People want to feel validated. They want the nitty-gritty stuff.”
Attribution issues can arise when tapping into user-generated content, but Abby has solutions.
“On social, we make it pretty clear that we’re using people’s comments for the articles. What we do is we include people’s first name and end initial for some anonymity. People commenting know their comment may be in a post. And we’ve gotten a lot of good feedback. We’ve never had an issue with that. The consent is there.”
When sourcing from forums you need a slightly different strategy.
“You can’t pull a quote directly from Reddit and put it in there. People’s usernames are like Skull47 and I’m not trying to put that in an article. But people are knowingly putting these opinions out in the open. They’re public. It’s a public forum.
So when someone says something like: bring an extension cord, here’s my story? I’m going to take that idea and say: hey, people who have gone through this highly suggest bringing an extension cord. I personally don’t think that goes into the mode of taking people’s content or stealing ideas. They’re putting that out there to help people.
We’re just scaling that idea out there to help more people.”
Keyword volume isn’t a big part of Abby’s strategy.
“I think we’re past that. It’s really about topics. Creating hubs and spokes. We have a client who does eCommerce for raw dog food. There are a lot of questions around that.
So instead of just doing all the questions at once, our rapid content creation is basically around topics. What vegetables dogs can eat is a big one that we’re doing. There’s volume there, but not the highest volume opportunities.”
Instead, they look at where they want to capture people, what the goal is, and then the different topics they can create content around.
“We try not to focus only on just one bucket. We’re looking at a lot of people to capture different areas of the funnel.”
Abby also talks about the way Spotify uses its own user data to create content.
“They didn’t have to spend all this time doing user research. It’s just literally: they’ve got the data there, and now they’re playing with it. Spotify uses more numbers, but I think that’s something that can be replicated, whether it’s your user’s data, or your user’s ideas, comments, hopes, or dreams.”
“The way I got started in SEO was being open-minded and having curiosity. It was my first job out of school. The question came up: I didn’t promote this post. Why is it driving so much traffic? How does something get traffic from search engines?“
She Googled the question and went down the rabbit hole.
“So I always start by saying: keep an open mind. Be curious. Chase things that interest you. I also tell students the biggest thing I hear is school gave them a very broad sense of marketing, but they don’t really know what area they want to go into.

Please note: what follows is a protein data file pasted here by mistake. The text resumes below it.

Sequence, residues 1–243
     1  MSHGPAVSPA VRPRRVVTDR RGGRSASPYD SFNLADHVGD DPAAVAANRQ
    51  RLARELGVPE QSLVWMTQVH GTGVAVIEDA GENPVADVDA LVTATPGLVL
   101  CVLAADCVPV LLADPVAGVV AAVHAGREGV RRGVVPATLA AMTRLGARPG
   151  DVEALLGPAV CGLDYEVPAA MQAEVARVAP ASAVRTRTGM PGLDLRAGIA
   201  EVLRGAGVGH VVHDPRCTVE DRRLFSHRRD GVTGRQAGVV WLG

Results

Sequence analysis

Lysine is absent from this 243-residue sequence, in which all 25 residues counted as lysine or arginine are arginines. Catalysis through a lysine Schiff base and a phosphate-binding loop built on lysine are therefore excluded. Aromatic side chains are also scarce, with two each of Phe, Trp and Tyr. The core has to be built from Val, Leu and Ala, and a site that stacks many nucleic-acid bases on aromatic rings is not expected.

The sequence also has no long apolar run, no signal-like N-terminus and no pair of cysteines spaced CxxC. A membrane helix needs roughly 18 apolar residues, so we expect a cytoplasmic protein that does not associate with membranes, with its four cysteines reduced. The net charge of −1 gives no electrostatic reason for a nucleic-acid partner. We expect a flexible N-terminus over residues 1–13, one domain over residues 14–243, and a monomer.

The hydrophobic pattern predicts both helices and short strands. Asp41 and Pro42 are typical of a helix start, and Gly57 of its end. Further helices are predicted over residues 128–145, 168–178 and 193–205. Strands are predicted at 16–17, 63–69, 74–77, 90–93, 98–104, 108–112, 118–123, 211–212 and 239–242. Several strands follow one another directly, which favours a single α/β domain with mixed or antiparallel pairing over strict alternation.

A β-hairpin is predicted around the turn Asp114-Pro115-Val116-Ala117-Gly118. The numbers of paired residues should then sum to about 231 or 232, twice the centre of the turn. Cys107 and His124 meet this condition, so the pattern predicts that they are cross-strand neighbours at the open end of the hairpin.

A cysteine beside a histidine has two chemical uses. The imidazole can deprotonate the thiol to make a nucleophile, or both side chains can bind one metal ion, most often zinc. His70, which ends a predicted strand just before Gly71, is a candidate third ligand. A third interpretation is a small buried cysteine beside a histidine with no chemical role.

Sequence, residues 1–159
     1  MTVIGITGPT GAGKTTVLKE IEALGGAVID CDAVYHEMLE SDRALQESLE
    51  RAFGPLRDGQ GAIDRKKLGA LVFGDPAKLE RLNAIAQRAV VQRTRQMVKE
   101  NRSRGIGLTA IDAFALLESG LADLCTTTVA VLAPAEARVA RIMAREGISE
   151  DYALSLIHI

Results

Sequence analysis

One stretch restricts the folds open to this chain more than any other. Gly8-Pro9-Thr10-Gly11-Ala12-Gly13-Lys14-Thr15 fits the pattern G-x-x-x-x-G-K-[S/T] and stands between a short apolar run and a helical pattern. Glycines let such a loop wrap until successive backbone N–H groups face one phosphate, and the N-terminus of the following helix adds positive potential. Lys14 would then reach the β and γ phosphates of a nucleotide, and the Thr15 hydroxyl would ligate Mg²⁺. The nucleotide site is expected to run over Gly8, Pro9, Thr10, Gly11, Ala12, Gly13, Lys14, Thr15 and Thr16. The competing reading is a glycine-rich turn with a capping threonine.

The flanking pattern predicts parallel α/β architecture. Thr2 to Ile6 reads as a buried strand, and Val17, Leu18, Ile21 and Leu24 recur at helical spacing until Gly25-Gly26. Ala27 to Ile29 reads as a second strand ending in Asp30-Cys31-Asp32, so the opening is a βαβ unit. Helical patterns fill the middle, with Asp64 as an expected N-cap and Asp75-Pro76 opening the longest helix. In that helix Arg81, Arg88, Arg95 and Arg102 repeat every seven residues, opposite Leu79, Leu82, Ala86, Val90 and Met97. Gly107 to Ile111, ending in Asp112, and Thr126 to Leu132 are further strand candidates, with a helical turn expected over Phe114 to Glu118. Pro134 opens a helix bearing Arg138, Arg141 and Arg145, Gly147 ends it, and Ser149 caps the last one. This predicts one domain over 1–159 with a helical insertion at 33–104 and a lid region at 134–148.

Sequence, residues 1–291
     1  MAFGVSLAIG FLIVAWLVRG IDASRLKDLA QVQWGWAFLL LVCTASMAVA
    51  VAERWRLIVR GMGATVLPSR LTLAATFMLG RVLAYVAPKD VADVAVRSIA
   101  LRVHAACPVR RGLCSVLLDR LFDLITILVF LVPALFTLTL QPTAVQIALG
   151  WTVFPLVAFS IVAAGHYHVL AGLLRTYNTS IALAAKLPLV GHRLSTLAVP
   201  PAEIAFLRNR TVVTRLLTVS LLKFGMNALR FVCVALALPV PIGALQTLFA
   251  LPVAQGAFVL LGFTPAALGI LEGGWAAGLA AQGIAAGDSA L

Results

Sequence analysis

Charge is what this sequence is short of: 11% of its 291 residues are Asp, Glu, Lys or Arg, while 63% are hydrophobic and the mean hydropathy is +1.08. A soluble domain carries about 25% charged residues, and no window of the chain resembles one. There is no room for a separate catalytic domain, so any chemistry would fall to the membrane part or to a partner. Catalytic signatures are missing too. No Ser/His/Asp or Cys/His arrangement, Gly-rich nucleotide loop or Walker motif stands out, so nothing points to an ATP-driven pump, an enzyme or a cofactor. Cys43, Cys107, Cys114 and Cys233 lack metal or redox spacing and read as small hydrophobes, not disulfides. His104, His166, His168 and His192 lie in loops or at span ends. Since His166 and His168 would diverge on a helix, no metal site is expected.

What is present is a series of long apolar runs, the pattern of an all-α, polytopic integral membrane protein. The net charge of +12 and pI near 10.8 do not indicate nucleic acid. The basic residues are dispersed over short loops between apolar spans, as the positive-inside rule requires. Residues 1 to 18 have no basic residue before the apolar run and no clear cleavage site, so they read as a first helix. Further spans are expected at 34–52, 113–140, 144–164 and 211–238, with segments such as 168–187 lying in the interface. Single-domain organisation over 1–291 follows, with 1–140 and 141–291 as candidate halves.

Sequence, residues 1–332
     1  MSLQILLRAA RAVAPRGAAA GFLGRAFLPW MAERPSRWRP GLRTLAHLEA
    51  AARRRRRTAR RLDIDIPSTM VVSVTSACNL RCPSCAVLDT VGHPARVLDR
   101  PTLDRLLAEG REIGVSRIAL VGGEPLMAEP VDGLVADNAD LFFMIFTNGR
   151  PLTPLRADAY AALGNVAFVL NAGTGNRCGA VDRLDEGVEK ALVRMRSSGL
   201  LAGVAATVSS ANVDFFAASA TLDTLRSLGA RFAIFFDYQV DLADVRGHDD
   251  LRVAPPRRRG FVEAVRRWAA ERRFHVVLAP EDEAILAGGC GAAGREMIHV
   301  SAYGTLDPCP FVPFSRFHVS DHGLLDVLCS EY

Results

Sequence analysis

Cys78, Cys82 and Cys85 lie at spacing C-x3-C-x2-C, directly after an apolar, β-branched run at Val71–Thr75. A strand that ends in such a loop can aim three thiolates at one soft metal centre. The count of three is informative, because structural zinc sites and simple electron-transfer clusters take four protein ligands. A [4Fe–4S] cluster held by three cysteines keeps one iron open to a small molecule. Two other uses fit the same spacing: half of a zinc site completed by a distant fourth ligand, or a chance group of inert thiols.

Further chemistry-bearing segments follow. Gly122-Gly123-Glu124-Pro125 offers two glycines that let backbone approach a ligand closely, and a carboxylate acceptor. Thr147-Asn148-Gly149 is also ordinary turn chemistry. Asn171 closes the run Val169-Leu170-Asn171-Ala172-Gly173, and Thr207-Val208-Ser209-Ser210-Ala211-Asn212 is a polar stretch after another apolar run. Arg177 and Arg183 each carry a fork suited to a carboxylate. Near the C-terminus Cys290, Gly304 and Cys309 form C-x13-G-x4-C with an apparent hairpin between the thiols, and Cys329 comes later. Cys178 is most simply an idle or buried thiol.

I suggest doing some LinkedIn research. I researched so many people, looking at their job descriptions. If the job description sounds like: what, you get paid to do that? That’s someone’s job? That sounds like fun!
Make a note of that. Look at what those job titles are. Look at the kind of companies they work for. You start to get this profile of what you want to do. I found content and discovered that SEO was for me.”
She also points out that this is one of the most supportive industries you can work in.
“Everyone is willing to help. Everyone is kind and lifts each other up and evangelizes each other. Of course, no industry is perfect, but as a whole? Everyone wants to see each other succeed. You just have to reach out and grab those opportunities, cause they’re there.”
She says when she first got into the industry she was afraid that other people were better than her because they had certain job titles or more experience.
“But we’re all equals. We’re all people who sometimes forget to floss at night and don’t drink enough water. When you think about things like that, everyone becomes accessible. I’ve just been trying to approach SEO that way, explore as many avenues as I can. Don’t be afraid to talk to anyone.”
She also points out that nobody really knows everything.
“[SEO] changes. So often. Every three months there’s a new update. Google releases a new hint. Or whatever. So I feel like we’re all kind of on the same learning pace. We’re all learning together.”
Abby had shout-outs for quite a few people and resources on this episode.
Check them out!
Abby’s cause is helping students and young professionals navigate the post-Covid job landscape.
“To figure out how to get a job in this very strange time. They can’t go to agency tours or happy hours, things they could have used to breakthrough. I’m doing whatever I can to connect with them and give them tips.”
She gives a shoutout to the Boundaryless Agency Simulation program.
“Dozens of students signed up, got experience. I know at least six or seven people who got jobs as a result, including someone we hired at Uproer.”
She’s very passionate about participating and being a mentor.
“How to use LinkedIn to make human connections. I’m spreading the word, speaking with my alma mater, talking with people within my old organization, PRSSA.
I think there’s a lot of things professionals can do to interact with students and help them along the way. I think it’s about speaking with them, letting them know what you’re doing, giving them the tips you wish you had known five, ten, fifteen years ago.”